Lastly, Miranda Sun received first place for her poem, “Bearing,” layered with sentimental similes and metaphors that elevate it to a sophisticated level. Among them: “sliced out of her stomach / like a fruit,” “death waits in the wings / of a vulture,” or “we stagger ape-like on the ground.” Come on. How could you get better than that? Sun begins by describing her birth, something a lot of poets have written about, and makes it new, describing her newborn self as ”flesh red and pulpy / and warm from the dark trunk.” From her second stanza onwards, she sounds almost conversational, and in doing this she tells us what hips are saying. She finds hips on the ground and up from it, says that “humanity is a line / of hips scrambling up and bearing / further hips.” That line can have many different interpretations. Does she mean our human struggle for survival? That we are trying to climb up the hill of life? The way I look at it, the speaker in Miranda’s poem may not have come from her mother’s hips, but as she grows and matures, her hips are the centerpiece of her soul, and as she grows stronger, her hips will be replaced with stronger versions of themselves until it comes time for her to walk through the “white gates” she writes of in her final line.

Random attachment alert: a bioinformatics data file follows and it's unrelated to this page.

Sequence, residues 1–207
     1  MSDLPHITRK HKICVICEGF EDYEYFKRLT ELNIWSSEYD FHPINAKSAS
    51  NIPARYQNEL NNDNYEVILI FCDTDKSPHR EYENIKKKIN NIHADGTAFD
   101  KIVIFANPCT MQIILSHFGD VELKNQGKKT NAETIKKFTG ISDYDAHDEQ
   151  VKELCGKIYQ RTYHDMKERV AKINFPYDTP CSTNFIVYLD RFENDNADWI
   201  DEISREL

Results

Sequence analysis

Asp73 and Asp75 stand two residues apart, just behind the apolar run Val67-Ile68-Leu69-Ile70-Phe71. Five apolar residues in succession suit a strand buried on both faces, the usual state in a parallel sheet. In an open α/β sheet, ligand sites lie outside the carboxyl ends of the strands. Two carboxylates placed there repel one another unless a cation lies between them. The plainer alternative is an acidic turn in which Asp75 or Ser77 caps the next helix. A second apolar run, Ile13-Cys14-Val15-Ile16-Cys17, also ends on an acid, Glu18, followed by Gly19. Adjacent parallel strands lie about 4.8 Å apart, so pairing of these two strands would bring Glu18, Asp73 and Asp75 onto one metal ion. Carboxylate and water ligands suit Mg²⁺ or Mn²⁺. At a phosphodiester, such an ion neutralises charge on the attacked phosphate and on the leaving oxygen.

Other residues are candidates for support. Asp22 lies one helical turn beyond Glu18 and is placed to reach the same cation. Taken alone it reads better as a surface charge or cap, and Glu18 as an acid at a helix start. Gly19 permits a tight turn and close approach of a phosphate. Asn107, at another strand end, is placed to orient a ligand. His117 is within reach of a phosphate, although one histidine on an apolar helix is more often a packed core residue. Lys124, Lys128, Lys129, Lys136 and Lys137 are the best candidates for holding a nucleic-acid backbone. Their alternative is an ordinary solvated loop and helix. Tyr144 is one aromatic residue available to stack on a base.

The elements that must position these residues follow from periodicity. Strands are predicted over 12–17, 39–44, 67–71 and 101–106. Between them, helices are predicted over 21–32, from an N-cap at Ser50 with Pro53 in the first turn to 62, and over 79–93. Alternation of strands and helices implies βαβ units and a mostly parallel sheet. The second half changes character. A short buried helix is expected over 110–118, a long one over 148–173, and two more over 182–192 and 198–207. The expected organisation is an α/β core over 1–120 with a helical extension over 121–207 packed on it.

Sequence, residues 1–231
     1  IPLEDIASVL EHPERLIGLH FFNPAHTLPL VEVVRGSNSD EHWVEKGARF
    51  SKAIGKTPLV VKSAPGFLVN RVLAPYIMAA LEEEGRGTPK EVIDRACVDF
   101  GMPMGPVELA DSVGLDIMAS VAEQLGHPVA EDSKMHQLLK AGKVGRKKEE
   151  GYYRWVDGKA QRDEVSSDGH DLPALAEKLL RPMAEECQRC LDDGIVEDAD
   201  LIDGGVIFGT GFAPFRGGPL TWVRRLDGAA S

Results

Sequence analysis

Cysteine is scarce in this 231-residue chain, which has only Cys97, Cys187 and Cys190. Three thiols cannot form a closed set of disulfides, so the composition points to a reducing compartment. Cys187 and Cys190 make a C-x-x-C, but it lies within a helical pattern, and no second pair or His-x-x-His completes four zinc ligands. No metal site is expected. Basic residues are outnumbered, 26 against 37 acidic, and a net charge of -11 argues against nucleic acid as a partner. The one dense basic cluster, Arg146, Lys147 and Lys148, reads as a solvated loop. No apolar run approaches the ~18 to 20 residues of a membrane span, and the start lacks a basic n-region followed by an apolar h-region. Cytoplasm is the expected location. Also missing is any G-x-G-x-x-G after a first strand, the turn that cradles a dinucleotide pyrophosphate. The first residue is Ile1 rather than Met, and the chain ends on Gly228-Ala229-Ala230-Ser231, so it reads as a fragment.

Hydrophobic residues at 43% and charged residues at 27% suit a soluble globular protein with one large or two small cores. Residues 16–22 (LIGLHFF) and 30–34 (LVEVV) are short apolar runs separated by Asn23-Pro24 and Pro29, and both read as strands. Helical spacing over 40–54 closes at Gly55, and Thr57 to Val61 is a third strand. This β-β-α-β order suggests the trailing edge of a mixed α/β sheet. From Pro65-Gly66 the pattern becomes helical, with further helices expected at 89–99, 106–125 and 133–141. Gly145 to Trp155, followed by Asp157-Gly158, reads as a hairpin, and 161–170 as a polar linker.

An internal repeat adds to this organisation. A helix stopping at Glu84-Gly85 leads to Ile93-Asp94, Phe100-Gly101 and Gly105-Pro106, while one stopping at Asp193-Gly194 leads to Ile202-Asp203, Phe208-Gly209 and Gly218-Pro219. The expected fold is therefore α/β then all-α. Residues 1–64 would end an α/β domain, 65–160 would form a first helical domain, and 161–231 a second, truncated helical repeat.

I want to congratulate all the winners of BWO’s Hips contest! You all have bright futures ahead of you. Reading these winning pieces, I was in awe of what you’ve created. Keep writing, and don’t ever let your hips lie.